In the annals of history, Condoleezza Rice will surely be remembered for many things. Her inspiring rise from a childhood in the segregated South to become the first African American woman to hold the post of U.S. secretary of state. Her love of football. That unfortunate time she warned us about Iraqi leader Saddam Hussein’s supposed nuclear ambitions by saying, “We don’t want the smoking gun to be a mushroom cloud.”

But when I think of her, I also remember that in­cred­ibly expressive face. Usually surrounded by straight-from-central-casting Washington white guys, Rice was always the power listener in the room, sometimes smoldering with what looked like unspoken rage or disgust, other times lighting up the place with wordless megawatt charm.

I often couldn’t help but wonder: What must be going through her head?

It’s nice that we have a writer as skilled as Thomas Mallon, a prolific author who lives in Washington, to imagine that for us. At its best, Mallon’s amusing new novel, “Landfall,” operates like the thought-bubble we’d always wanted.

The book, which weaves historical events with fictional scenes, spans the tumultuous second term of George W. Bush, a period marked by the twin disasters of violence-plagued, post-invasion Iraq and the incompetent government response to Hurricane Katrina. Bush is the central figure in the story, but it is the people and scenes around him that Mallon animates most fully.

At the ball celebrating Bush’s inauguration, Rice squirms as Secretary of Defense Donald H. Rumsfeld approaches, saying something about getting her nomination on the floor of Congress. She hears it differently.

“To her horror, Condi thought that Don was asking her to dance,” Mallon writes.

Poor Condi, she’s smart and ambitious, but the Bushies and other Republican luminaries that Mallon conjures are always snarking on her. Bush’s mother, Barbara, sniffs about the “test-marketed Muzak” of Rice’s dinner-table conversations. Rummy and Vice President Richard B. Cheney “bristled” at her “pink and white parfait of an outfit” at a big meeting.

The Rice of Mallon’s imaginings is obsessed with pleasing Bush and prone to “tattle” to the president about her fellow Cabinet members. But she is conflicted about Rumsfeld, who comes off as both an oleaginous creep and a master political schemer.

“She detested him, and because she did she found herself, at moments, actually liking him: he was the rare person whose respect she didn’t crave and whom she didn’t want to please,” Mallon writes.

Mallon has done his homework and his novel delves, at times a tad too exhaustively, into the kaleidoscope of events and characters of the Bush era — everyone from Christopher Hitchens and John Edwards to Merv Griffin and Nancy Reagan. Larry King and former Texas governor Ann Richards keep popping up to offer crotchety comic relief, like side characters in a Shakespearean play.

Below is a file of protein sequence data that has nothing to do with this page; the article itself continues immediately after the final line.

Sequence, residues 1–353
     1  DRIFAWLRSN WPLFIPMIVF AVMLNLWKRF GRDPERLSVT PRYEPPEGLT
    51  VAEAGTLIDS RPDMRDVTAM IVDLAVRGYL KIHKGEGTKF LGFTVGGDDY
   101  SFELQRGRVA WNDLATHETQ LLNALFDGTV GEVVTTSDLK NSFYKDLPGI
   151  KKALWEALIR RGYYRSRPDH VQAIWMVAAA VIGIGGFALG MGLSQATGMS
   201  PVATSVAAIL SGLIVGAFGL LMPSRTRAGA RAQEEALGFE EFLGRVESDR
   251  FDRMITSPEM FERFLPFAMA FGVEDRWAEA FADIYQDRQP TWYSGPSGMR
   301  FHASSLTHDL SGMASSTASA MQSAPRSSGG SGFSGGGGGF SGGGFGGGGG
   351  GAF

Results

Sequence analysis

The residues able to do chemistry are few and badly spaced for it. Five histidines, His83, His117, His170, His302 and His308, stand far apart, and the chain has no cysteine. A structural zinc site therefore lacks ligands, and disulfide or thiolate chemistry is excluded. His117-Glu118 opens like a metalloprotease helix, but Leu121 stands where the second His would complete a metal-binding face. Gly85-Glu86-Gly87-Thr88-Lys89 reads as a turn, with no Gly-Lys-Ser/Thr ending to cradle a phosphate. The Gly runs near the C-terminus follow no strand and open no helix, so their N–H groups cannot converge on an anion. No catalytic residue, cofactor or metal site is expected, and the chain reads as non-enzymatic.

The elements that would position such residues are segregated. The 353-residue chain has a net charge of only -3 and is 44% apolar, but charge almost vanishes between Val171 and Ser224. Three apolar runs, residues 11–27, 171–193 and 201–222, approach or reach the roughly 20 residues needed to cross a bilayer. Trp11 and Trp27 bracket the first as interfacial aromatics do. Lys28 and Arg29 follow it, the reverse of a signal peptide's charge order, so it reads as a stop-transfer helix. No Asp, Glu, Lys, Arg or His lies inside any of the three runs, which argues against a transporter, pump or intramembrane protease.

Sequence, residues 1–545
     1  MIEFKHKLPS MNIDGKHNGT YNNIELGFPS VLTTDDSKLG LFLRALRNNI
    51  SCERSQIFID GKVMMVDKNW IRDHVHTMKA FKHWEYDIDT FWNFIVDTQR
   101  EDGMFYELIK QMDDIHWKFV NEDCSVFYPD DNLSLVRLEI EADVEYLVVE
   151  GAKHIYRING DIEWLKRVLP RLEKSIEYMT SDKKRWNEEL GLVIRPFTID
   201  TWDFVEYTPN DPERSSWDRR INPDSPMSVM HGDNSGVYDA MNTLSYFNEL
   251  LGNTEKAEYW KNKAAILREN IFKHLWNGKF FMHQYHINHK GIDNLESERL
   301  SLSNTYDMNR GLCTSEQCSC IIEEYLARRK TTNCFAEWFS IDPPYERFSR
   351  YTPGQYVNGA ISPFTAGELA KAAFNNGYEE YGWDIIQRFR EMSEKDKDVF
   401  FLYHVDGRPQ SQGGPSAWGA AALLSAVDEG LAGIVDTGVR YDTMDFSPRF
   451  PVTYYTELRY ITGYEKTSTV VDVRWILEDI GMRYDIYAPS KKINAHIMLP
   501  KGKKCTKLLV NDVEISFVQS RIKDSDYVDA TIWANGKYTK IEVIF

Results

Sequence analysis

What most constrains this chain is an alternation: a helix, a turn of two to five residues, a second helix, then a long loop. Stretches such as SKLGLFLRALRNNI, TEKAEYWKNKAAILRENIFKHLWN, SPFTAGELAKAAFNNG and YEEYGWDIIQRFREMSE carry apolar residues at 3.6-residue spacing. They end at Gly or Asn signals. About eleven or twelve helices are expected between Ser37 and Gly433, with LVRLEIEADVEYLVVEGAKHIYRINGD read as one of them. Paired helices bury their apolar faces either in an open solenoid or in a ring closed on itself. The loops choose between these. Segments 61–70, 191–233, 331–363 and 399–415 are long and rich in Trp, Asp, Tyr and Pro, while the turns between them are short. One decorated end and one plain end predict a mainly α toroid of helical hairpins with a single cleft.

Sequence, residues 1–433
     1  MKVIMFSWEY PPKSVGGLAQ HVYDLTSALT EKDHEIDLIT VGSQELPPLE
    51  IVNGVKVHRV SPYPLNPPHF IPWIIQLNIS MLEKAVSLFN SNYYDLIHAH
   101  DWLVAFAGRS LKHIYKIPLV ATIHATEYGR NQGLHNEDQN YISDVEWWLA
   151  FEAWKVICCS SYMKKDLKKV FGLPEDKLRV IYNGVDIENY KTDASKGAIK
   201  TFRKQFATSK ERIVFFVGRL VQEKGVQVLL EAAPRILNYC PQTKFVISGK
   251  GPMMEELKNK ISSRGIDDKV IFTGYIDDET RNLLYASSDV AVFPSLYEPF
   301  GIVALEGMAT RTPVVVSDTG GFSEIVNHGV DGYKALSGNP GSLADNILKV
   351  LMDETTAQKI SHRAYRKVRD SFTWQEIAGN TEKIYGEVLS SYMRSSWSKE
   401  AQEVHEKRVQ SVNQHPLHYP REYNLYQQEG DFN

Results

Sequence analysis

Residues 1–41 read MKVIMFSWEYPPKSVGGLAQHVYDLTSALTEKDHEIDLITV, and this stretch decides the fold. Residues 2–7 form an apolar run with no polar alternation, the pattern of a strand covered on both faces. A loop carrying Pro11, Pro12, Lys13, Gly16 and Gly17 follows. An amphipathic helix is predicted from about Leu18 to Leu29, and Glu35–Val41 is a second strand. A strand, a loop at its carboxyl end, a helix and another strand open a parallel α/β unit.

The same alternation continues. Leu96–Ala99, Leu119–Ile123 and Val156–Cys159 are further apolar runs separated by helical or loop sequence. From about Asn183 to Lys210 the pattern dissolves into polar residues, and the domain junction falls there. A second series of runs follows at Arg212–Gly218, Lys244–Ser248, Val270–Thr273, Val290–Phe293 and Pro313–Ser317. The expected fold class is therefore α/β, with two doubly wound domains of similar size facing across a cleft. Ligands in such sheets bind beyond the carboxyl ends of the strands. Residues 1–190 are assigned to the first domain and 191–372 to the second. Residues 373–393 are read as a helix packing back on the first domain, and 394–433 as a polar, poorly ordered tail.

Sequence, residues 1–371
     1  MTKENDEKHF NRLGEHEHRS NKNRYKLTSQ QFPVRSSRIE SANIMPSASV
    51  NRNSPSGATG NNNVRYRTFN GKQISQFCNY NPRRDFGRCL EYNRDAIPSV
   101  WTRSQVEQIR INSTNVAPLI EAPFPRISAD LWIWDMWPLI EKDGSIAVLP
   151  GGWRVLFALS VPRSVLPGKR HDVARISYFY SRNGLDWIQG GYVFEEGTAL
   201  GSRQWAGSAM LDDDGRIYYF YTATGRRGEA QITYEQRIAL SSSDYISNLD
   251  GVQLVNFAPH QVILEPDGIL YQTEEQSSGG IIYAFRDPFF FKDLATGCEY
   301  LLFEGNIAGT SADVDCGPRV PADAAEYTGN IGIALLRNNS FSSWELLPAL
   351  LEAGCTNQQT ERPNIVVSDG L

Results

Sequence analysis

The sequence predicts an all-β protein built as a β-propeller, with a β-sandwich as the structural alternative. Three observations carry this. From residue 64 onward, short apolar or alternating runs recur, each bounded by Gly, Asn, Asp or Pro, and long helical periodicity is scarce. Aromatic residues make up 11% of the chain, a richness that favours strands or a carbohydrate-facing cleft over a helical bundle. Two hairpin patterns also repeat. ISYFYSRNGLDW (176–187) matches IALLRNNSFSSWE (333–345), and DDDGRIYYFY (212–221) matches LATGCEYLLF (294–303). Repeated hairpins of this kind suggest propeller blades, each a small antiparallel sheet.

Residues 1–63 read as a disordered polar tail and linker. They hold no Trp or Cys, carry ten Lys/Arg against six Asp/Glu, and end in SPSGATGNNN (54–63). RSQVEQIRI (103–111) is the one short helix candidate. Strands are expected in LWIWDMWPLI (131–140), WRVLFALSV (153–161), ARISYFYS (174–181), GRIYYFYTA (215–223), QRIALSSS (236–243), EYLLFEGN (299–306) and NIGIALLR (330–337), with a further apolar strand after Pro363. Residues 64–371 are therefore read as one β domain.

Watching the State of the Union, Richards quips about “the rounded forms of” House Speaker Dennis Hastert and Cheney.

“They look like two of those Russian nesting dolls,” Richards says. “Like they’re waiting to see which one is going to be asked to encase the other.”

“Landfall” occasionally gets a bit too goofy, such as a clunky scene that comes out of nowhere — and adds little to the narrative — involving a tryst between a high-ranking U.S. official and a Canadian diplomat.

“Their just-completed lovemaking resembled the U.S.-Canadian relationship itself: affectionate; not especially dramatic; and unlikely to evolve,” Mallon writes.

Mallon invents many characters who never existed, most notably a National Security Council staffer named Allie O’Connor who unflinchingly tells Bush what’s really happening in Iraq, and a National Endowment of the Arts and Humanities official named Ross Weatherall, who provides the same input about post-Katrina New Orleans. The Bush who inspired such affection among staffers emerges through his interactions with these two fictional creations.

O’Connor’s advice for Bush regarding Iraq is to: “Embrace the suck.” He loves it. Weatherall, who feels his “political and personal calf love” for Bush waning, sends the president the kind of poignant and deeply observed snippets of life in the drowned city of New Orleans that Bush missed during his infamous flyover of the disaster zone.

The waters have washed away a lot of illusions here, Mr. President,” Weatherall tells the president.

Inventing O’Connor and Weatherall is a neat device because their presence gives Mallon even more latitude to observe Bush. Late in the book, O’Connor confides in Bush about her life plans: “She looked at Bush and seemed for a moment to understand herself through him. Half the time he was without self-confidence; the other half he spilled an excess of it.”

Close readers of “Landfall” might detect the faintest echo of Robert Penn Warren’s “All the King’s Men,” which set the highest of bars for political historical fiction with its depiction of a Louisiana governor inspired by the real-life Huey P. Long. Like Jack Burden, the tortured staffer in Warren’s novel, Weatherall goes on a search for a secret from the past.

Burden's quest is a dark one, and he is forced to accept the theological conclusion that "man is conceived in sin and born in corruption, and he passeth from the stink of the didie to the stench of the shroud." Weatherall's quest hints at possible darkness, but in the end nudges us to consider Bush in a kindler, gentler and more sympathetic light.

Manuel Roig-Franzia is a writer for The Washington Post.


A Novel

By Thomas Mallon

Pantheon. 473 pp. $29.95